Blockade of nicotinic acetylcholine receptors suppresses hippocampal long-term potentiation in wild-type but not ApoE4 targeted replacement mice.
Both impaired nicotinic neurotransmission and the inheritance of apoE4 are associated with increased risk for Alzheimer disease (AD) as well as other deficiencies in memory-related behavior. Long-term potentiation (LTP), a cellular model of memory, is known to be altered by nicotinic agents. Recent studies also support an emergent role for apoE in LTP. We compared the effects of mecamylamine, a nonspecific antagonist of nicotinic acetylcholine receptors (nAChRs), on basal synaptic transmission and LTP in hippocampal slices from wild-type (wt) mice and targeted replacement mice expressing human apoE4 (apoE4-TR). Field excitatory postsynaptic potentials (EPSPs) were recorded in the dentate gyrus (DG) in response to medial perforant path activation, and theta burst stimulation was used to induce LTP. Bath application of mecamylamine (3 microM) did not alter input-output relationships or paired pulse depression in either mouse strain. Under control conditions, apoE4-TR mice showed significantly less LTP than wt mice (17.5% +/- 3.2%, n = 9, vs. 30.1% +/- 3.9%, n = 11, P < 0.02). Mecamylamine reduced LTP in wt mice to a level that was similar to control levels for apoE4-TR mice (15.7% +/- 3.4%, n = 9), whereas apoE4-TR showed no further reduction of LTP (16.6% +/- 3.7%, n = 8) by mecamylamine. Thus mice expressing human apoE4 differ from wt mice both in their capacity for LTP and in the effect on LTP of nicotinic cholinergic blockade. It is possible that nicotinic neurotransmission is already compromised in apoE4-TR mice and, hence, that interference with the integrity of this cholinergic system represents a mechanism by which inheritance of the apoE4 allele contributes to cognitive risk.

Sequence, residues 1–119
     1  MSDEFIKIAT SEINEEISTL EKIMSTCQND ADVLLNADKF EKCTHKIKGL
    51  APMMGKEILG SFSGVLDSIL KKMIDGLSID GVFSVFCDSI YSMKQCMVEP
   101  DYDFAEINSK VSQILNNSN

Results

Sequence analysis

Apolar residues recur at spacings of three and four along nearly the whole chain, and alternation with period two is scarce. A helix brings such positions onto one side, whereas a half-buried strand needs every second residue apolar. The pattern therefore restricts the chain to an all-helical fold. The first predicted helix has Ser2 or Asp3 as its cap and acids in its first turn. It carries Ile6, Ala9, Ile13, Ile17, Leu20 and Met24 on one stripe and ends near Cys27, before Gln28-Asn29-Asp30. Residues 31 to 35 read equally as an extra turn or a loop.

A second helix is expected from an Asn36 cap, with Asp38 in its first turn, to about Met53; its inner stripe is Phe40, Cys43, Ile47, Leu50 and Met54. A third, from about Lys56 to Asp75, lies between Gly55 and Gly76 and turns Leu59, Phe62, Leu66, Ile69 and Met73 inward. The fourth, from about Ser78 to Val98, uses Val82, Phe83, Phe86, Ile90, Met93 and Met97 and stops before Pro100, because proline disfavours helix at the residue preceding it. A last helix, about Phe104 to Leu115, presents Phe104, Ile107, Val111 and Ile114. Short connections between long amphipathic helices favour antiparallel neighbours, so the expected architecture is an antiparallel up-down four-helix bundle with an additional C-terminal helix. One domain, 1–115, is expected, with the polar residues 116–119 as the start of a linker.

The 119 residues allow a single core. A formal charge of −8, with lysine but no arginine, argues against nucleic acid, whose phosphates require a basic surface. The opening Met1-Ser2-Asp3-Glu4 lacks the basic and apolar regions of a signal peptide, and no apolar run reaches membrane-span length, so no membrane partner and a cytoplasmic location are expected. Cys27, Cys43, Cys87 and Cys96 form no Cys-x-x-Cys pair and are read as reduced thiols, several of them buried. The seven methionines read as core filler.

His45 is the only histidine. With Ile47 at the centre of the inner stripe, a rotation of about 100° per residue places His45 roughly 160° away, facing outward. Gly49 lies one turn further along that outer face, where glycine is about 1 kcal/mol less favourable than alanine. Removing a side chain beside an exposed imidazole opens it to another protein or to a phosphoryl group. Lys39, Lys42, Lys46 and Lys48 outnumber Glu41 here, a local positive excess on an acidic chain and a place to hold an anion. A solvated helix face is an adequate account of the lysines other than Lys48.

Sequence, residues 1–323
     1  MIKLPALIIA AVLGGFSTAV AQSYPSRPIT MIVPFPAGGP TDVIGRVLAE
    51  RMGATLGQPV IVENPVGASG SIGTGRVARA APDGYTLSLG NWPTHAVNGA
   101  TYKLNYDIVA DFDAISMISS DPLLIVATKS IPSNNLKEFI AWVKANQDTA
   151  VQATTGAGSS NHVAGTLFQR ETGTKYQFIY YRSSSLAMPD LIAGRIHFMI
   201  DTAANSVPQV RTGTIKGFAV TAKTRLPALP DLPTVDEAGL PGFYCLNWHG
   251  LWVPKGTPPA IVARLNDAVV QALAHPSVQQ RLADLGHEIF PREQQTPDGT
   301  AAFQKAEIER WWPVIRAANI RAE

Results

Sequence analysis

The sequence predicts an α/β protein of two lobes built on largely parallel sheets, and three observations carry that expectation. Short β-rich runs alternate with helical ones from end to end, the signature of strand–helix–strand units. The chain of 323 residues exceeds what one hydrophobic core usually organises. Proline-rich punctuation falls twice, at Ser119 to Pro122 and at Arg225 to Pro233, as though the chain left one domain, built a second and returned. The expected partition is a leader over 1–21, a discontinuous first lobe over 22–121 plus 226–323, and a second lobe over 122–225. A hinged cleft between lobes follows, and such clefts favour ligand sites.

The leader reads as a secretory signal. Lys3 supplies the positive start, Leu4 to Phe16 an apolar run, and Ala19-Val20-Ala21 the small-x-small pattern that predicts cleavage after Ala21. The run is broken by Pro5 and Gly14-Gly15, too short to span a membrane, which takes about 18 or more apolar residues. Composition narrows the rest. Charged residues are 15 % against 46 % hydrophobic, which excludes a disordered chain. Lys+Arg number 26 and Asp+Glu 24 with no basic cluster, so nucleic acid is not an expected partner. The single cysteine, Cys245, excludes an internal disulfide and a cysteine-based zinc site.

Yun, SH; Park, KA; Sullivan, P; Pasternak, JF; Ladu, MJ; Trommer, BL
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